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Liberals Shouldn't Play Politics With Military Leaders

09/02/2015 05:55 EDT | Updated 09/03/2016 05:59 EDT
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Last week on Power and Politics, retired general and star Liberal candidate Andrew Leslie chided the Minister of Veterans Affairs "to lead or get out of the way." His tone and mannerisms were that of a general berating a captain. Gruff and unrelenting it was Fantonian in its delivery, the very mannerisms the Tories have had to reject with the removal of O'Toole's predecessor. It is an unwritten rule within the forces that Leslie being a former commanding officer of a Canadian institution that produced him and by definition should remain apolitical.

A former U.S. marine lieutenant general stated "a senior officer should realize that by lending his name or title, he or she is being 'used' by a politician . . . . [T]o lend one's name and title to a political campaign is a form of prostitution.

A former U.S. commanding officer pointed out commanding officers "never really 'retire' but, like princes of the church, embody the core culture and collectively represent the military community as authoritatively as the active-duty leadership."

Steve Corbett and Michael J. Davidson write:

"As an institutional norm, political neutrality is essential to the military's ability to survive in its present form. When retired military officers publicly enter the political fray through endorsements or other forms of involvement, they trigger several concerns that the military as an institution should not take lightly. The prospect of retired officers endorsing competing candidates runs the risk of undermining the confidence that the public has in the military's political neutrality."

Samuel Huntington has said, "Politics is beyond the scope of military competence, and the participation of military officers in politics undermines their professionalism, curtailing their professional competence, dividing the profession against itself, and substituting extraneous values for professional values."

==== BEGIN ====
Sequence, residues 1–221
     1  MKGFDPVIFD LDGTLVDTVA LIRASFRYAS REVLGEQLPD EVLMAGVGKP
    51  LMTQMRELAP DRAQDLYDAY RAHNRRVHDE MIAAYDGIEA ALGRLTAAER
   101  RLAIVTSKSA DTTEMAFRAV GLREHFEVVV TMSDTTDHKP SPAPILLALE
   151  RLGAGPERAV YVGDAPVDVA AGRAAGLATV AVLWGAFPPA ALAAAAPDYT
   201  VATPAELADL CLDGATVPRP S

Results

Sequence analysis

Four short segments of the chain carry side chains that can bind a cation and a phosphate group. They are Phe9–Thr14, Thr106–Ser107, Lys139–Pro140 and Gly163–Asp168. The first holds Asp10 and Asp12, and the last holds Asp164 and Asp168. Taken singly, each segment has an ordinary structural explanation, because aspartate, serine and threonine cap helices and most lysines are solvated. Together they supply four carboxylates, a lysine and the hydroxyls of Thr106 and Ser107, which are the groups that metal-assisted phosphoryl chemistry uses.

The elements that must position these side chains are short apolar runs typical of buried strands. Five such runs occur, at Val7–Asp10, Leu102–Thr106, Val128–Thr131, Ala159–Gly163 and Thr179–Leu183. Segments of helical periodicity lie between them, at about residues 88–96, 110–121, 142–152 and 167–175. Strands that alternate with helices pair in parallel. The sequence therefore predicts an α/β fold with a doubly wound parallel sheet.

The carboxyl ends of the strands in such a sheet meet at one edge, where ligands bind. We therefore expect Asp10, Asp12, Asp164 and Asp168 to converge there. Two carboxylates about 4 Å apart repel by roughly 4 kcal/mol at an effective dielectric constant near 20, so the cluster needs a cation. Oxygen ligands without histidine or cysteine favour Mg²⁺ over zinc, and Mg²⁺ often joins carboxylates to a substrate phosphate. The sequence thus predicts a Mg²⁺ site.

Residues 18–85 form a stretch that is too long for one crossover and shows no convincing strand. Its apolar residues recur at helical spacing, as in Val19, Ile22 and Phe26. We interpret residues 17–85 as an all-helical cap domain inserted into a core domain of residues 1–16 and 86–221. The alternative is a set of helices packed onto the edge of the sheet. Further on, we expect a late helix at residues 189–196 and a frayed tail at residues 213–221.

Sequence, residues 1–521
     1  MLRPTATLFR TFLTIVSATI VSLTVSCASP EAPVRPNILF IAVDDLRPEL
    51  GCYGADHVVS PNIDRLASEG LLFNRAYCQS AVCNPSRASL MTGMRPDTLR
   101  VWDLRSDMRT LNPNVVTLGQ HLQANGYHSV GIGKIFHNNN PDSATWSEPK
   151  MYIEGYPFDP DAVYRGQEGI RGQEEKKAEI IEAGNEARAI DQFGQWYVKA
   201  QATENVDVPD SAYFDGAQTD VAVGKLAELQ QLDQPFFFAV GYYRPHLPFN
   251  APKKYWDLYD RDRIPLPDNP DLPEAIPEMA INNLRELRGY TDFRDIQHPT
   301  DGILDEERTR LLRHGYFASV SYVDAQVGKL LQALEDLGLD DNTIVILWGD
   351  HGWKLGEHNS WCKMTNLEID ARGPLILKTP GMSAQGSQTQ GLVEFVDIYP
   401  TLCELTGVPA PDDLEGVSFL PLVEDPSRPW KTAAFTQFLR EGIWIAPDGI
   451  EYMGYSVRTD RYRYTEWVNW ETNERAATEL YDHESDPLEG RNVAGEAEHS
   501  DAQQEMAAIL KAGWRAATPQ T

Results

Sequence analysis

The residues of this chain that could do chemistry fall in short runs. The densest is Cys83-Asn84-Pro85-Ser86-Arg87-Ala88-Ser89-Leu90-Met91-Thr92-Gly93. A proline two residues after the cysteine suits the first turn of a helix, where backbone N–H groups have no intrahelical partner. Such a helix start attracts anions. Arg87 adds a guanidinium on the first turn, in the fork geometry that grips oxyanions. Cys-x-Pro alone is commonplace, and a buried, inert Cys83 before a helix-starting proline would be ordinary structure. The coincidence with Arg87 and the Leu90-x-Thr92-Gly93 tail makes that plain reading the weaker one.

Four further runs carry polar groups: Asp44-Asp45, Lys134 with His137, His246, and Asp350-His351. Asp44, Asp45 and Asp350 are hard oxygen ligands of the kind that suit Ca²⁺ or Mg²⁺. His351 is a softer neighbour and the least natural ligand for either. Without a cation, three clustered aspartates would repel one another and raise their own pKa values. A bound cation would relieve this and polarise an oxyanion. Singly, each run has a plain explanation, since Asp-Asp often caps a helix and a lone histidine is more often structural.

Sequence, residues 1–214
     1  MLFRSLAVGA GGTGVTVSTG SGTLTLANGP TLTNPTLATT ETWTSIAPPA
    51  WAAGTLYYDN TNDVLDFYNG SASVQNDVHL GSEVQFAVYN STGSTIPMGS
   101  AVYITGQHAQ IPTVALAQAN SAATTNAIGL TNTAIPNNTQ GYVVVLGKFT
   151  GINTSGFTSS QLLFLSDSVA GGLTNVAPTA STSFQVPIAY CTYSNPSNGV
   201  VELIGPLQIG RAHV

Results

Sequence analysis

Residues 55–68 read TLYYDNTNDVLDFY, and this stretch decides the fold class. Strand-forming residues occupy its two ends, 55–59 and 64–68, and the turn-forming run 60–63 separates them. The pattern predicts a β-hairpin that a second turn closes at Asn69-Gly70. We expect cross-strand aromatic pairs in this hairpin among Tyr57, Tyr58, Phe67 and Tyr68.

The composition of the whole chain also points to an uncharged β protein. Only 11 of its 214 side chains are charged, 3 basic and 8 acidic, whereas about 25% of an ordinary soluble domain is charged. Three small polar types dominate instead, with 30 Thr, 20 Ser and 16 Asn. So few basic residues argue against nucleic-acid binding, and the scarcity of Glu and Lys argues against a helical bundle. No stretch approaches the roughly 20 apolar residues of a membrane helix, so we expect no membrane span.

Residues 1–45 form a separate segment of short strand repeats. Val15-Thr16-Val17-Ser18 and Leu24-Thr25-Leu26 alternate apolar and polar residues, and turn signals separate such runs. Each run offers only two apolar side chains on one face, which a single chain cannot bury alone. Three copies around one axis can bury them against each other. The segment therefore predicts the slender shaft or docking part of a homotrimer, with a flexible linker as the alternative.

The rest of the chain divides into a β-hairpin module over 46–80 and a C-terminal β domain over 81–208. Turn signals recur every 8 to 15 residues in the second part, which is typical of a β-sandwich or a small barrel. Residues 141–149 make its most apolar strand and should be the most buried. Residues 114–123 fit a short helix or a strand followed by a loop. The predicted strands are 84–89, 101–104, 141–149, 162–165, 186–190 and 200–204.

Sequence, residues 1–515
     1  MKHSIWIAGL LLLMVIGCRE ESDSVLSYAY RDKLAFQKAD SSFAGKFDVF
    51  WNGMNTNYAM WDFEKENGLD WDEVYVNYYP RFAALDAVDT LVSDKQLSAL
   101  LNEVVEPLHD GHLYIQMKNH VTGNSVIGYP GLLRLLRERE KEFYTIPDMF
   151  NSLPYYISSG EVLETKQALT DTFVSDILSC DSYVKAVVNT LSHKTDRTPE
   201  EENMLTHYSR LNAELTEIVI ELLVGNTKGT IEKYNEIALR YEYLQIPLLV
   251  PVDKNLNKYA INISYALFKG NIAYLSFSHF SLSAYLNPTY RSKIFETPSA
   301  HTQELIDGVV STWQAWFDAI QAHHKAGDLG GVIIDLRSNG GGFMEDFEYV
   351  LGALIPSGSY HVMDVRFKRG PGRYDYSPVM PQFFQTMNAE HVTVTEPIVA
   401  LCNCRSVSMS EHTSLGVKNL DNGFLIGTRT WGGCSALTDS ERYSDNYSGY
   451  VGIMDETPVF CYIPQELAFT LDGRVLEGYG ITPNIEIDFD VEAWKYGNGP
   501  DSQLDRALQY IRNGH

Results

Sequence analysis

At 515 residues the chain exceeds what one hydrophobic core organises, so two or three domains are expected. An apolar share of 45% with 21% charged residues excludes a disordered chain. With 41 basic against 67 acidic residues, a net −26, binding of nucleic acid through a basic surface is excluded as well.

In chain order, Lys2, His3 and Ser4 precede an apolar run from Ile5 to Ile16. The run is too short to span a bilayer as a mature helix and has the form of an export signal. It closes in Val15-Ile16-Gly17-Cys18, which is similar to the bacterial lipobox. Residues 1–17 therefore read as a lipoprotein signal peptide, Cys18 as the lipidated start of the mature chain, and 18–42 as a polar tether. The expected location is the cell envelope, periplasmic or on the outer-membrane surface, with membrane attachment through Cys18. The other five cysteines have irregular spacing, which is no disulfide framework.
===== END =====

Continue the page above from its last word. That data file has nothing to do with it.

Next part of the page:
Retired officers who achieve command positions have usually spent the great deal of their adult professional lives in the armed forces. They have incorporated the military's culture into their lives and should be sensitive and responsive to disapproval levelled by colleagues with respect to their behaviour after retirement. While serving in the forces all soldiers have to remain apolitical and are not permitted to publicly endorse a candidate or party. It is also seen to be in poor form when retired officers of high rank attempt to use the position obtained to their advantage. Especially if it is to settle a score.

Just like Eve Adams and Belinda Stronach, this is not the first time that the Liberal machine has used a conduit to settling scores. Recent failures by the current Conservative government have led to many former soldiers into joining the Liberal party as candidates.

Retired Lt.-Gen. Andrew Leslie is the most high profile of the Liberal nominees in the upcoming federal election. If his party is to form the next government then his name is surely to be at the top of a short list to be named the next Minister of Defence. He will then be the boss of the chief of defence staff and the boss of the man he was passed over for promotion.

Here is a story of a soldier that was earmarked for greatness. Promoted early and often, those that have met him were awed by his charisma and intelligence. His ascension seemed destined to end with the most coveted of positions, chief of defence staff (CDS). It was only after he published the controversial Report on Transformation 2011 that his career screeched to a halt. Had the Conservatives appointed him as CDS, he would have implemented the plan to give the forces "more bite and less tail" -- a plan that general Hillier and many others went on the record as saying would have done irreparable damage to the forces.

Ergo the Conservatives not wanting divisiveness within its military -- Leslie was passed over as CDS and subsequently retired.

Leslie was offered various positions by the Conservatives post-retirement, but the damage had been done. The Liberals were all too happy to welcome the disgruntled general into the party and some even accused them of "back-room" politics at his nomination.

Our nation's military must not be held hostage to anyone's motives and for all of our sakes, I hope the Liberals never get to implement their plans, and the fact that they would allow themselves to get involved in a vendetta is indicative of the quality of their leadership.

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